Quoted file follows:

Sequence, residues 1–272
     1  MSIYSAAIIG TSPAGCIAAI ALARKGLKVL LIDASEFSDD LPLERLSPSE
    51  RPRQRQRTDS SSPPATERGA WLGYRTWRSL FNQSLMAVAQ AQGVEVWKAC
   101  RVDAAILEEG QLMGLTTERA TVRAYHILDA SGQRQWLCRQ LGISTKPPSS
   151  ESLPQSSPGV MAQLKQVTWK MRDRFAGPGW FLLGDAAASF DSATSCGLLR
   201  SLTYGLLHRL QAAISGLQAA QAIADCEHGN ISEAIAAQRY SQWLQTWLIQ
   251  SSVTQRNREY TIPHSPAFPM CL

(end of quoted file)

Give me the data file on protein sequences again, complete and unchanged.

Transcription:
Sequence, residues 1–272
     1  MSIYSAAIIG TSPAGCIAAI ALARKGLKVL LIDASEFSDD LPLERLSPSE
    51  RPRQRQRTDS SSPPATERGA WLGYRTWRSL FNQSLMAVAQ AQGVEVWKAC
   101  RVDAAILEEG QLMGLTTERA TVRAYHILDA SGQRQWLCRQ LGISTKPPSS
   151  ESLPQSSPGV MAQLKQVTWK MRDRFAGPGW FLLGDAAASF DSATSCGLLR
   201  SLTYGLLHRL QAAISGLQAA QAIADCEHGN ISEAIAAQRY SQWLQTWLIQ
   251  SSVTQRNREY TIPHSPAFPM CL